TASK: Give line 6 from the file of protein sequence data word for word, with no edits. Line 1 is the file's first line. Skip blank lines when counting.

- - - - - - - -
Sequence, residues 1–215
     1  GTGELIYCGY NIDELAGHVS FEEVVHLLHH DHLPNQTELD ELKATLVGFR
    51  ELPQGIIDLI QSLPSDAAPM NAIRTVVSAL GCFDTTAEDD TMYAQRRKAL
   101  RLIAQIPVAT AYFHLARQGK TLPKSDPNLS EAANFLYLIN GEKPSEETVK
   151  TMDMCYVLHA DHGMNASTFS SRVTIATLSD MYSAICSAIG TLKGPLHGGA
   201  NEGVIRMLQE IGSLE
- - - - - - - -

   201  NEGVIRMLQE IGSLE